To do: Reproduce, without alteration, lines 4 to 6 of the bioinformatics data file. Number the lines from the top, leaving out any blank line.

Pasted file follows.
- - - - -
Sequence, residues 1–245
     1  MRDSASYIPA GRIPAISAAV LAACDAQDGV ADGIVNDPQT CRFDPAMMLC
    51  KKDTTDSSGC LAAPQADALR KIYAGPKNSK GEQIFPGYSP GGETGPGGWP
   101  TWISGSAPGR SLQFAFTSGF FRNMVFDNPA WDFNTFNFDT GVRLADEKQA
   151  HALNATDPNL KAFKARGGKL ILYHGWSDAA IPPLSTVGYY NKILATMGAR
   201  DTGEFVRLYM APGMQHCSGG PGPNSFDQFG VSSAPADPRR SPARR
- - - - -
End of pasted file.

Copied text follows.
   101  TWISGSAPGR SLQFAFTSGF FRNMVFDNPA WDFNTFNFDT GVRLADEKQA
   151  HALNATDPNL KAFKARGGKL ILYHGWSDAA IPPLSTVGYY NKILATMGAR
   201  DTGEFVRLYM APGMQHCSGG PGPNSFDQFG VSSAPADPRR SPARR